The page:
Now again was there for a moment to be seen in D'Amarrs face that pale quivering lip and restless eye, that characterized the machiavelian secretary. Miss Crake could bear matters no longer.

“Really, Mr. D'Amarrs," she said in amazement, “ your interference between friends is most uncalled for; and I know well that Lucy will not prefer you to me, nor mind what you say before what I recommend.'

Miss Warneston, however, preserved silence; for she was perfectly convinced-quite satisfied in her own mind, that jealousy and nothing else must have prompted her friend's aversion to the present conquering style of head-dress.

On the other hand, Miss Crake secretly burned with equal rage, nor could she endure the thought of having been foiled in the presence of so many, after all her previous confident gasconades. In a word, she could have torn her dear Lucy's eyes out, for having at this moment, of all others, refused to alter the fashion of her hair. But the worst was to come.

“You say, Miss Crake," pursued D'Amarrs, “that my friend, Miss Warnerston, will mind you before me. I am not sure of this.

Miss Warnerston,” added he, turning to that lady, “ you will not believe it, but your friend has told me, and all around us have heard her say, that she could induce you by one way or another to tell her anything that she liked. Now is that surely the case? I fancy you too well know, my dear Miss Warnerston, how to keep a secret.'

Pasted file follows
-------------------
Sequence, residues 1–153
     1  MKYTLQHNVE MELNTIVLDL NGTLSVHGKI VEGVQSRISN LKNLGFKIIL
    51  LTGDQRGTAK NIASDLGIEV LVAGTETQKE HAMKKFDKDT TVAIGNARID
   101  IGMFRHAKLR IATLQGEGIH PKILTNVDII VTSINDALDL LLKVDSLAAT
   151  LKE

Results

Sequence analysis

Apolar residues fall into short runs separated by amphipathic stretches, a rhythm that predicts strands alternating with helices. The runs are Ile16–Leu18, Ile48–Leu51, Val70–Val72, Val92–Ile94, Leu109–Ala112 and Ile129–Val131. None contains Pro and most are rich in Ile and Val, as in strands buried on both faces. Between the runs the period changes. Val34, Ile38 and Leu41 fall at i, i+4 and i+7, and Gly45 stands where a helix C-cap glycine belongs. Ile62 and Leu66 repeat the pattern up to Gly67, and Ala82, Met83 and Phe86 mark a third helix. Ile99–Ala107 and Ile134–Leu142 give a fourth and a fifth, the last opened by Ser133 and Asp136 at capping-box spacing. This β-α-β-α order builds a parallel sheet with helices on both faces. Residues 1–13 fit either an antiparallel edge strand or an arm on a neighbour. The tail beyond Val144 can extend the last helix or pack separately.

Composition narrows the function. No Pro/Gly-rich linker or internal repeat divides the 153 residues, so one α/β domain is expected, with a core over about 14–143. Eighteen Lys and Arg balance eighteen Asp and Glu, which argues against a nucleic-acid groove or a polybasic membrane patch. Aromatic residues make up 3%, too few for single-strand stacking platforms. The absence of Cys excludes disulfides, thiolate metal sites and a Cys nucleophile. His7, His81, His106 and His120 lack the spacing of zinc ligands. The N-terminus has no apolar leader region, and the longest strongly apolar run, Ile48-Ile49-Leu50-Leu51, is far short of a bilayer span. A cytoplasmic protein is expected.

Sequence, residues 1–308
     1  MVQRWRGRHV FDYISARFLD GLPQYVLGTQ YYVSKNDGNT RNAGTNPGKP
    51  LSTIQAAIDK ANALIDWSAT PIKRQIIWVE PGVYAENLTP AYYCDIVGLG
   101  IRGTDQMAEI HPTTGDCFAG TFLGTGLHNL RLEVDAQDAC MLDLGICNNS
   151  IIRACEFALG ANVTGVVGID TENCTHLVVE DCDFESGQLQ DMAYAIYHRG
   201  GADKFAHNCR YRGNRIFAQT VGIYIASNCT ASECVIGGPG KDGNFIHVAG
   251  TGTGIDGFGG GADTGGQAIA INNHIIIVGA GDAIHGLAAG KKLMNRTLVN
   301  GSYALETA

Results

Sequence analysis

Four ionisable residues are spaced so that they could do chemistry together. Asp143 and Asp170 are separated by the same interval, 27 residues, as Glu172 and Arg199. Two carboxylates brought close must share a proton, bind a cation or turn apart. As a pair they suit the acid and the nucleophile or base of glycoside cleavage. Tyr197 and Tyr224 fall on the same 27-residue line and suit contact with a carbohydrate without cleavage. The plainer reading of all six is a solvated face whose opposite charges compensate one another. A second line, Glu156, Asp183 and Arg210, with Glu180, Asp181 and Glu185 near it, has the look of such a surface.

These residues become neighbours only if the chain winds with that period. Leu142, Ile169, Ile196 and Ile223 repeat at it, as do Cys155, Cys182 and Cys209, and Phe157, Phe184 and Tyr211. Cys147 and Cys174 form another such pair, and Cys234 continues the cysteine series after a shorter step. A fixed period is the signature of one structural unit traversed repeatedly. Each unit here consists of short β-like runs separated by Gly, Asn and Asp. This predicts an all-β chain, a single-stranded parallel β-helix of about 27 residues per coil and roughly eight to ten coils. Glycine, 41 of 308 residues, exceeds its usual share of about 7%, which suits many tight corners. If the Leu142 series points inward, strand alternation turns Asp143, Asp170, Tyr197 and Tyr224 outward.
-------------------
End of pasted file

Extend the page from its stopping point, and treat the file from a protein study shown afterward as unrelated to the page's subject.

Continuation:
The last words most adroitly chimed in with the young lady's actual meditation concerning Lord Yewby--the jealousy of Miss Crake, what D'Amarrs had told her, and in fact, a hundred matters of the kind, and she replied with more warmth than good breeding, “ that no one was able or had any right to wrest a secret from her.”

“Ah!” instantly said D'Amarrs, “ I did fancy that your boast, Miss Crake, of possessing so arbitrary an ascendancy over my intelligent and talented friend was slightly tinged with the usual fiction of a gasconade.”

And as he spoke, Miss Crake perceived to her infinite and most ineffable vexation, that the careless loudness of his tones, had attracted the eyes and ears of at least a dozen witnesses to her discomfiture. She vowed a deep revenge against “her perfidious Lucy," whom she now saw following D'Amarrs with her eyes, as the latter arose, and sauntered from the ottoman, with an air of gay and arrogant nonchalance.

As for Miss Warnerston, the mere elegance of his well-turned periods, and the composure with which he spoke them, had inspired her with a very decided prepossession in his favour.

Meantime, the premier and his colleague, having observed D'Amarrs leave his post, approached carelessly together, with opinions different as to the secretary's success, but with a mutual curiosity to know which of them was right. They immediately overheard the following dialogue.

" I know," said Miss Crake at Miss Warnerston, but not to her, “ I know that I do not want any one's confidence, when it is not voluntary," here she vehemently fanned her face with her handkerchief, “and I should not care much, in any case, for that of some people.”

“ If that be at me," said Miss Warnerston,“ I return the compliment with interest."

So saying, she rose and left the ottoman.

By my honour,” said the sub-minister to his premier, in an aside, "you were right. This D'Amarrs has done for the opposition.”

That night the premier danced with Miss Warnerston ; the next night but one, her father's name and those of his four adherents figured in the ministerial majority,